Companion to the Standing Orders and guide to the Proceedings of the House of Lords


4.68  The privilege of freedom of speech in Parliament places a corresponding duty on members to use the freedom responsibly. This is the basis of the sub judice rule. Under the rule both Houses abstain from discussing the merits of disputes about to be tried and decided in the courts of law.

4.69  The Joint Committee on Parliamentary Privilege recommended that the two Houses should adopt a resolution on sub judice set out in the committee's report.[155] The House of Lords did this on 11 May 2000. The resolution is as follows:

"That, subject to the discretion of the Lord Speaker,[156] and to the right of the House to legislate on any matter or to discuss any delegated legislation, the House in all its proceedings (including proceedings of committees of the House) shall apply the following rules on matters sub judice:

(1) Cases in which proceedings are active in United Kingdom courts shall not be referred to in any motion, debate or question.

    (a)  (i)  Criminal proceedings are active when a charge has been made or a summons to appear has been issued, or, in Scotland, a warrant to cite has been granted.

      (ii)  Criminal proceedings cease to be active when they are concluded by a verdict and sentence or discontinuance, or, in cases dealt with by courts martial, after the conclusion of the mandatory post-trial review.

    (b)  (i)  Civil proceedings are active when arrangements for the hearing, such as setting down a case for trial, have been made, until the proceedings are ended by judgment or discontinuance.

      (ii)  Any application made in or for the purposes of any civil proceedings shall be treated as a distinct proceeding.

    (c)  Appellate proceedings, whether criminal or civil, are active from the time when they are commenced by application for leave to appeal or by notice of appeal until ended by judgment or discontinuance.

But where a ministerial decision is in question, or in the opinion of the Lord Speaker a case concerns issues of national importance such as the economy, public order or the essential services, reference to the issues or the case may be made in motions, debates or questions.

(2) Specific matters which the House has expressly referred to any judicial body for decision and report shall not be referred to in any motion, debate or question, from the time when the Resolution of the House is passed, until the report is laid before the House.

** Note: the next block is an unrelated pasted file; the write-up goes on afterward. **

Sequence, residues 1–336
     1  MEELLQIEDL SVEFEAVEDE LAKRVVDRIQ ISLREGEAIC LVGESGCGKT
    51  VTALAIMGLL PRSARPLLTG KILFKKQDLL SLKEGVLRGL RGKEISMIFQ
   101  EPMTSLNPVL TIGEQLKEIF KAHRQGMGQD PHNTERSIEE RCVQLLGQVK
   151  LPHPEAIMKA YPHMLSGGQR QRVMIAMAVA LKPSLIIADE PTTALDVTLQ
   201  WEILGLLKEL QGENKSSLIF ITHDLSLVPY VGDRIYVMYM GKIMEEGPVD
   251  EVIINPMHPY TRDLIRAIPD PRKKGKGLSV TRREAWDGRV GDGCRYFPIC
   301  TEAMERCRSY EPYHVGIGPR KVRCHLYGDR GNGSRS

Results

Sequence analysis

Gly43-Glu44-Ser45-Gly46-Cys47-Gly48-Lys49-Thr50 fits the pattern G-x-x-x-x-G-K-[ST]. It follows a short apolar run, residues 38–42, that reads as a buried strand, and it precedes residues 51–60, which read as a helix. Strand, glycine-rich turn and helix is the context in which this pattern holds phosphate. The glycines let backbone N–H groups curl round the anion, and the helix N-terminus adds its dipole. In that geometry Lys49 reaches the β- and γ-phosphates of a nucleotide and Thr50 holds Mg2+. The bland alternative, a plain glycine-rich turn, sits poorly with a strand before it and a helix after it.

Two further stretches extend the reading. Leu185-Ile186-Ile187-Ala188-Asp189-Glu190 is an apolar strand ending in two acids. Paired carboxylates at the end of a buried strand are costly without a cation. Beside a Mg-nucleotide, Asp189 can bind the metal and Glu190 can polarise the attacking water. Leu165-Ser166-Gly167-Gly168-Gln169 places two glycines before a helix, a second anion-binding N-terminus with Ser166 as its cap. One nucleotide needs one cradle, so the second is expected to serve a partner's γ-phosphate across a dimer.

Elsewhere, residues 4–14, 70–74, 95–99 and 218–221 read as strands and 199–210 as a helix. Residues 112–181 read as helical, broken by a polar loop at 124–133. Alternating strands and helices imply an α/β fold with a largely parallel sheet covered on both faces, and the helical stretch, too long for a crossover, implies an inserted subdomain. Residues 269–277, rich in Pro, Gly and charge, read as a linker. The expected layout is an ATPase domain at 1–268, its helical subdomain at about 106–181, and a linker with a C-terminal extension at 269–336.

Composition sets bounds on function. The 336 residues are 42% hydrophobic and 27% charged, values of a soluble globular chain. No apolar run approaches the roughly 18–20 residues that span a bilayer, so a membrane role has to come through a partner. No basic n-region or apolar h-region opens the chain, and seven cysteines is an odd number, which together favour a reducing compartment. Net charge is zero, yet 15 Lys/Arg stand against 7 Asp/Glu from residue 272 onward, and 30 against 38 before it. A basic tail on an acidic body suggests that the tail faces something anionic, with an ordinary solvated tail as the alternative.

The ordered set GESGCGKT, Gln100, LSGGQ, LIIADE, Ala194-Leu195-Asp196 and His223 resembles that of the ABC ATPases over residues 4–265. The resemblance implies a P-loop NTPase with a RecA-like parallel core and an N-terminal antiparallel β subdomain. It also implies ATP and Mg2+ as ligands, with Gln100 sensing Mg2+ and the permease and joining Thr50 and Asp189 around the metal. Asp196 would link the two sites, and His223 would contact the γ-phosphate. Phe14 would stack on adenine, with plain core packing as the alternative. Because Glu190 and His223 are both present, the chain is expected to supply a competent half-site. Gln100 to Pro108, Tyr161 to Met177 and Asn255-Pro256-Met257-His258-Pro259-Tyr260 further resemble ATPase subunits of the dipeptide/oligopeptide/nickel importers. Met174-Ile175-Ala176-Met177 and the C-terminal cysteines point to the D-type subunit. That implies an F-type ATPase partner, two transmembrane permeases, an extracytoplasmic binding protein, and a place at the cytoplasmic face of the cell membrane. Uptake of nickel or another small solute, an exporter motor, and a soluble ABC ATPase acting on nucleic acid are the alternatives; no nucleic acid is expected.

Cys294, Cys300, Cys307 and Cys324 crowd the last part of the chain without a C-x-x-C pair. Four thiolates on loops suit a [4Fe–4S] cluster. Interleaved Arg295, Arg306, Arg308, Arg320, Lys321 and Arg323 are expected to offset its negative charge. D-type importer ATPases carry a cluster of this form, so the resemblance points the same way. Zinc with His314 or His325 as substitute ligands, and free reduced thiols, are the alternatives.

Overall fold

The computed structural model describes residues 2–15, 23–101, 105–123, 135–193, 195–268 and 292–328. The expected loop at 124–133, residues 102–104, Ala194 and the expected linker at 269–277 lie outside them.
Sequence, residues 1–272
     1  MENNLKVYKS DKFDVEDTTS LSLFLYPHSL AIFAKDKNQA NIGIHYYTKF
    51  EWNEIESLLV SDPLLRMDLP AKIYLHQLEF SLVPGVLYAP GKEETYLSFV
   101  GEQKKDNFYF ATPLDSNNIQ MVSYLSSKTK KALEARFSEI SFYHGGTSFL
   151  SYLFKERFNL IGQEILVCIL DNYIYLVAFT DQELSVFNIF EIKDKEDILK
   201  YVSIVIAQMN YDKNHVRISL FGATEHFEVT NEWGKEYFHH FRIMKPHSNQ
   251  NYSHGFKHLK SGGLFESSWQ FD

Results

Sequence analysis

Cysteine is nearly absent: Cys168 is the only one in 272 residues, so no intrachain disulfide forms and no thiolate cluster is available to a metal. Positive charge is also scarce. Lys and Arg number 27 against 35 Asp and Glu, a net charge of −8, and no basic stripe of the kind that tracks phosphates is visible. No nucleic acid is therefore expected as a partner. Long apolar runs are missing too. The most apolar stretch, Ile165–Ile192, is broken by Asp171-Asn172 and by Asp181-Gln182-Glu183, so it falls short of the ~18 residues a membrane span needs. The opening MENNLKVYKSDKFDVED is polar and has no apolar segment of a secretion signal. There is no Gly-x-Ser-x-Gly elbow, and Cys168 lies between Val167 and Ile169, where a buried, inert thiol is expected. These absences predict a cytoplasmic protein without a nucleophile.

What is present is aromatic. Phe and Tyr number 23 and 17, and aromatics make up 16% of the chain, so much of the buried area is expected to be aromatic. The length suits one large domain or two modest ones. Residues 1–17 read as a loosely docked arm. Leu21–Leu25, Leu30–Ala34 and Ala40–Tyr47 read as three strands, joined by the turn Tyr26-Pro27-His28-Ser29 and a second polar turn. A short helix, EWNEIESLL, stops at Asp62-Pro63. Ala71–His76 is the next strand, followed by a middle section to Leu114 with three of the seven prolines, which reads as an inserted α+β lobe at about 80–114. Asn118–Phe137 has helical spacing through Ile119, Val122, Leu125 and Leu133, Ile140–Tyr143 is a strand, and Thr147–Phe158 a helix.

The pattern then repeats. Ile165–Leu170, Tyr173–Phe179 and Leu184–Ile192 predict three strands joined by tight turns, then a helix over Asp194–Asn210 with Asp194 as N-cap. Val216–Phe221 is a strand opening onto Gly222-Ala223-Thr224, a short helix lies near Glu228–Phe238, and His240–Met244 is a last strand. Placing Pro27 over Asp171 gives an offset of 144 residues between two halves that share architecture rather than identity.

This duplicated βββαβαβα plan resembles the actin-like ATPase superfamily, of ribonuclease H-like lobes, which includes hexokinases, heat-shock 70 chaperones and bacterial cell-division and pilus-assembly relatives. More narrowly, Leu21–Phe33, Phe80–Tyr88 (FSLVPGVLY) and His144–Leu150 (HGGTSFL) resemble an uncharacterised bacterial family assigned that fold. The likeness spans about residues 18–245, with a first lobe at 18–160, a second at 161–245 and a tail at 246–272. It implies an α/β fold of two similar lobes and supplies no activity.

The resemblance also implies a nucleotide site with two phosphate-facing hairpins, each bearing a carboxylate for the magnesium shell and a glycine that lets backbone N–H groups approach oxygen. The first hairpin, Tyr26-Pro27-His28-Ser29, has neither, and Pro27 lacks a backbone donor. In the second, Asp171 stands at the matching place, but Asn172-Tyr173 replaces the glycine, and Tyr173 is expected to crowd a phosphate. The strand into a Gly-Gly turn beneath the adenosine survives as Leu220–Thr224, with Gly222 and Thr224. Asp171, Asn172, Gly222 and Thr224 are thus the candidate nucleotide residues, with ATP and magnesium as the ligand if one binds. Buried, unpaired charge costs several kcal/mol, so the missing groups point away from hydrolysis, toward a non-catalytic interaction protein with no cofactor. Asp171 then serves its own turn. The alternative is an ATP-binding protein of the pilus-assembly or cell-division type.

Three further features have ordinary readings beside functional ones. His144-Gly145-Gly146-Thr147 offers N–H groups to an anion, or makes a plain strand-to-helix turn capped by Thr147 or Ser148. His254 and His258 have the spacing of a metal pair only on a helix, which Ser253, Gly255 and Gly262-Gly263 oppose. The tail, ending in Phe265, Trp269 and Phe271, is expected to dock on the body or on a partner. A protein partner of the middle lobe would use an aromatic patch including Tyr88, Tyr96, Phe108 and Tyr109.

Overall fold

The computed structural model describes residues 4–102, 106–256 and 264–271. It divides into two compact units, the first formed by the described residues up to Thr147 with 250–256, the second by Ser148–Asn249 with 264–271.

(3) For the purposes of this Resolution—

    (a)  Matters before Coroners Courts or Fatal Accident Inquiries shall be treated as matters within paragraph (1)(a); and

    (b) "Question" includes a supplementary question.

4.70  The House has agreed that the practice governing motions and questions relating to matters sub judice should be similar in both Houses of Parliament.[157] It is desirable that each House should be in the same position to debate a sub judice matter when the circumstances warrant it.

4.71  The rules governing sub judice do not apply to bills, Measures or delegated legislation or to proceedings on them. Nor do they apply to matters being considered by departmental inquiries and the like; but it is recognised that Parliament should not generally intervene in matters where the decision has been delegated to others by Parliament itself.

4.72  A case is deemed to be sub judice from the moment a petition for leave to appeal is presented to the House of Lords.[158]

4.73  The Lord Speaker must be given at least 24 hours' notice of any proposal to refer to a matter which is sub judice. The exercise of the Speaker's discretion may not be challenged in the House.[159]

155   HL Paper 43-I (1998-99), para 202. Back

156   Procedure 2nd Rpt 2006-07. Back

157   Procedure 1st Rpt 1963-64. Back

158   Procedure 1st Rpt 1989-90. Back

159   Procedure 1st Rpt 1994-95, Report of the Select Committee on the Speakership of the House of Lords, HL Paper 92 2005-06. Back

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